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OS on DVD

Absolute virus protection etc.
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A real nerd could probably implement this idea already in Linux or Windows, so this idea is for the rest of us.

Design an operating system so it is easy to separate data into "fixed", "mainly fixed" and "dynamic". "Fixed" would be programs and would be burned on storage media like a DVD. The user can still update the DVD, but it takes a specific effort. No virus could destroy a DVD that is plugged into a read-only drive. The DVD would include an INI file that tells the software where to look for more information. "Mainly fixed" would be things like user settings that change sometimes, but not too often. Writing of the medium could be enabled by a simpler action, like flipping a switch. "Dynamic" would be data files that change often and would be stored on a hard drive.

By separating the files it would also be easier for the user to decide what files to back-up. Want to be able to restore the whole system from scratch? Duplicate each medium. Just want to protect the data? Copy the hard drive.

Again, all this may already be possible, but where are the utilities that allow the average user to do the set up and maintenance?

kbecker, May 24 2004

Knoppix http://www.knoppix.org/
A full OS on a CD [reap, Oct 21 2004]

Halfbakery: isolate OS for upgrades http://www.halfbake...OS_20for_20upgrades
Differently motivated call for similar Windows disk segregation [jutta, Oct 21 2004]

[link]






       I suggested once a service that would do this, essentially. You request the software and operating system you'd like ... your system is scanned and printed to a CD with state-of-the-design fixes. All this would be done online and the archived OS disk arrives shortly by mail.   

       Everyone in your address book is allowed to update their file before printing. All your licenses are refreshed, time and date stamped, and verified with you prior to printing.
dpsyplc, May 24 2004
  

       both knoppix [link] and lindows cd [before it's extinction] were a bootable cd-rom which had all of the executables and system files on cd, with your data being stored to either hard disk (if you wanted to mount them) or to a usb drive. Not only did it allow the seperation of files, but with the usb drive option, you could take your entire set of data and programs with you anywhere you went.
reap, May 24 2004
  

       You can and always have been able to boot Macs from CD/DVD.   

       Nothing personal, but when will Windows users realise that they are using the most backward, unreliable, virus prone, ugly sack-o-shyte there is?   

       "If you live without walls or fences, who needs Windows or Gates?"
timbeau, May 25 2004
  

       //Nothing personal, but when will Windows users realise that they are using the most backward, unreliable, virus prone, ugly sack-o-shyte there is? //   

       Nothing personal, but when will Mac users realise that some of us have no choice and that their incessant smugness is *really* annoying?
hazel, May 25 2004
  

       [timbeau] The mac os is not bootable from a single cd. It still needs to be installed and then run from a hard drive. I assume that kbecker is talking about a dvd that contains the programs and operating system in order to prevent them from being corrupted.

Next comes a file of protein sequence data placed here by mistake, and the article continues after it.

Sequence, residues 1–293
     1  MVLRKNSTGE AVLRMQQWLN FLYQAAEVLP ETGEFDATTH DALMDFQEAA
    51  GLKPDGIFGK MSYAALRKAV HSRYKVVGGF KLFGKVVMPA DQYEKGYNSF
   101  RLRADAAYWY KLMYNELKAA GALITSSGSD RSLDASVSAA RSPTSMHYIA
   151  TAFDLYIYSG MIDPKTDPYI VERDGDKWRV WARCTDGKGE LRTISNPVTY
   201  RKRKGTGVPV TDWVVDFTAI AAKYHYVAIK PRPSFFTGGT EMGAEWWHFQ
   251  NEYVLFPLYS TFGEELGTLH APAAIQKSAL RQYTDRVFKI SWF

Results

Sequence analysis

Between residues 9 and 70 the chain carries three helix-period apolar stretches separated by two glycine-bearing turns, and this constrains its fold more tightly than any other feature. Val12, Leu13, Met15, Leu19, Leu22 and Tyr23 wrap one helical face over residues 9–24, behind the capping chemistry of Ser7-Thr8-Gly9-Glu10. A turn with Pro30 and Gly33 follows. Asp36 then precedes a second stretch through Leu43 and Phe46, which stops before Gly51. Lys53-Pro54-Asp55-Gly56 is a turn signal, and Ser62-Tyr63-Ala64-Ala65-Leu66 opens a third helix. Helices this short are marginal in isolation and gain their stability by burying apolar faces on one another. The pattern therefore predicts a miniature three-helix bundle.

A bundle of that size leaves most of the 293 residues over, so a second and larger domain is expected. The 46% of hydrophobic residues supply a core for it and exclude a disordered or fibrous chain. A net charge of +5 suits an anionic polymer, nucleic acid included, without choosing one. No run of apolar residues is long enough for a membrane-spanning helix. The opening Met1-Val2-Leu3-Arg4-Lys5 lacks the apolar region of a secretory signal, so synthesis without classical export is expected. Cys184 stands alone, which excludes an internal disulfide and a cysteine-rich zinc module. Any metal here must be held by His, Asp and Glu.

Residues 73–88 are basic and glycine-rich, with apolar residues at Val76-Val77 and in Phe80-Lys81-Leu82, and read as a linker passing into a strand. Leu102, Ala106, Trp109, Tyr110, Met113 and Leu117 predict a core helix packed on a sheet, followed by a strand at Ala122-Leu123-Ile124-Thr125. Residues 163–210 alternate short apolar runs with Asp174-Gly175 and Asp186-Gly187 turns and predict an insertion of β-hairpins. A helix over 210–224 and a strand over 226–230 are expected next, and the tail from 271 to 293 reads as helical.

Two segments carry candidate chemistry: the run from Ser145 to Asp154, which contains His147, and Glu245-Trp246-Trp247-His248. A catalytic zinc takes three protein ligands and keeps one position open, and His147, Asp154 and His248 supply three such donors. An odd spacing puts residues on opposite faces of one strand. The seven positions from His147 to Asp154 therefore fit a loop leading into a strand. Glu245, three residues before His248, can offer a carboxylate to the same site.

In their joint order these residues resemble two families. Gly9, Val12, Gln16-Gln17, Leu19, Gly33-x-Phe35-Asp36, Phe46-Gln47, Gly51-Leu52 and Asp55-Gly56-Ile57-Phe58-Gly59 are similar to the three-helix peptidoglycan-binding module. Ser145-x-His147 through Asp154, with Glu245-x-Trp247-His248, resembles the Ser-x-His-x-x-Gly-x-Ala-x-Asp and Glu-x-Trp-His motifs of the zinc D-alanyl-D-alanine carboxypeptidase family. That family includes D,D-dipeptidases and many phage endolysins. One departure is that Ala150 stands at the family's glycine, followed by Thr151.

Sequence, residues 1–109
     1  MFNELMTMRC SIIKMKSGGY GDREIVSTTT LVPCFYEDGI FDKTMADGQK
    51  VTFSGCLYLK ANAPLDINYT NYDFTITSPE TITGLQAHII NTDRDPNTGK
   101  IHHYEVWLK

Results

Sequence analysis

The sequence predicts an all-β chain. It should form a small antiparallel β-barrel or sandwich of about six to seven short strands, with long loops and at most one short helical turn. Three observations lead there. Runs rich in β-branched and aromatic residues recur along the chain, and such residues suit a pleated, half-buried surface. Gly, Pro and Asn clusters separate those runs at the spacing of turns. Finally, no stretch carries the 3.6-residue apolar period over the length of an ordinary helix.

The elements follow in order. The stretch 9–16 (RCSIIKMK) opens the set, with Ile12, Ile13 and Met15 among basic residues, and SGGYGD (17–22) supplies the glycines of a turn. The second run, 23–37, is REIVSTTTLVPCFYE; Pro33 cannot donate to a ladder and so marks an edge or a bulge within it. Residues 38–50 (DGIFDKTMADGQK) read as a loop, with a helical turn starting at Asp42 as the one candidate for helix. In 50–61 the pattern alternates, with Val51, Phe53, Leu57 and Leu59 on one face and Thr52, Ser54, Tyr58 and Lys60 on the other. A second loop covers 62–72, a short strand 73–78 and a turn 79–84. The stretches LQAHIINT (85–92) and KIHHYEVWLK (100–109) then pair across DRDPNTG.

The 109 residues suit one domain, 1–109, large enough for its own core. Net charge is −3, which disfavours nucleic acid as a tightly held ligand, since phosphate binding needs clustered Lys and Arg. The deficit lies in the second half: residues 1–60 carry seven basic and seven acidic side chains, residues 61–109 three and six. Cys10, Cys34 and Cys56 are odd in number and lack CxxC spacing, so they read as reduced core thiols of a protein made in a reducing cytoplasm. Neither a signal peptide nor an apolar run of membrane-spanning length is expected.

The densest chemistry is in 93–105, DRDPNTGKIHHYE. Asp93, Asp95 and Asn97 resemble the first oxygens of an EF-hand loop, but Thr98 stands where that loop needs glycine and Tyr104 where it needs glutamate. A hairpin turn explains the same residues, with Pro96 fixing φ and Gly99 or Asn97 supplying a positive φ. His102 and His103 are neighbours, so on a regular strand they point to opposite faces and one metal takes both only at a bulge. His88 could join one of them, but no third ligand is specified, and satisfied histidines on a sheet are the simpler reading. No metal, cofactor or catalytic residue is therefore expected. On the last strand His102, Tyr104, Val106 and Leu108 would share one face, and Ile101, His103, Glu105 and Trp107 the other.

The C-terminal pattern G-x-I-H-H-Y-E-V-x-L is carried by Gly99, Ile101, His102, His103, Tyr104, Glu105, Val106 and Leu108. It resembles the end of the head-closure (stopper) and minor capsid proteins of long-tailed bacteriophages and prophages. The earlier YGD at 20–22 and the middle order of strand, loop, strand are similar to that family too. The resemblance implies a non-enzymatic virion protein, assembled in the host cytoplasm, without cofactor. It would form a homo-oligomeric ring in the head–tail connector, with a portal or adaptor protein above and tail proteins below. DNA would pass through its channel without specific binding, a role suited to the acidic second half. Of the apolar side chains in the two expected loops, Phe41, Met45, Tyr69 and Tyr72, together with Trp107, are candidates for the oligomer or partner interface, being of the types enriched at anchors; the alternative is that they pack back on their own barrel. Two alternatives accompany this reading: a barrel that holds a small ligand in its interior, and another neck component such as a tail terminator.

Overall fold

Being able to boot from a cd is not something exclusive to macs. The idea is for booting of an OS from DVD.
reap, May 25 2004
  

       [hazel] this has nothing to do with people who know of the option but have no choice, but all the windows trolls who think anything out of Wintel is new. You clearly do not notice the Intel Centrino ads - 2 years+ old innovation pushed as if it is novel and groundbreaking. Few people outside work have 'no choice' but to use Windows.   

       Anyhow, [reap] BootCD exists to give a bootable CD (not for install) but it is cut down for obvious capacity reasons, so in a way you are right, though, as it does take BootCD further to give manageability. I wonder, though if "BootDVD" will emerge...
timbeau, May 26 2004
  

       If you live on Windows you can in fact create a bootable image of your current windows install and boot from that CD or DVD also, though some typical functions (adding software, etc.) obviously won't work. Good for crash recovery.   

       Just booting from a DVD or CD only means that the OS won't get a virus. That still won't stop a virus maker from putting a virus in a data file that once opened by the OS can still become active - such as an MS Word file, HTML page, etc. That just moves the problem, doesn't solve it.   

       You can also make sure you're not logged in with root or admin privs. on Unix or Windows. That does keep many viruses from writing to the OS part of the system (no permission).
dunion, May 26 2004
  

       Yeah, I've heard of booting from CD being common practice with Linux. You can then pretty much get away with having a small hard drive that you reformat all the time to keep the hackers at bay... good application for a large-ish flash drive. A boot DVD would be nice if you could then load all your other programs there as well. It basically turns your computer into a read-only machine - impenetrable by malware as long as you don't re-burn the DVD with material from your hard drive.
Agamemnon, Apr 04 2006
  
      
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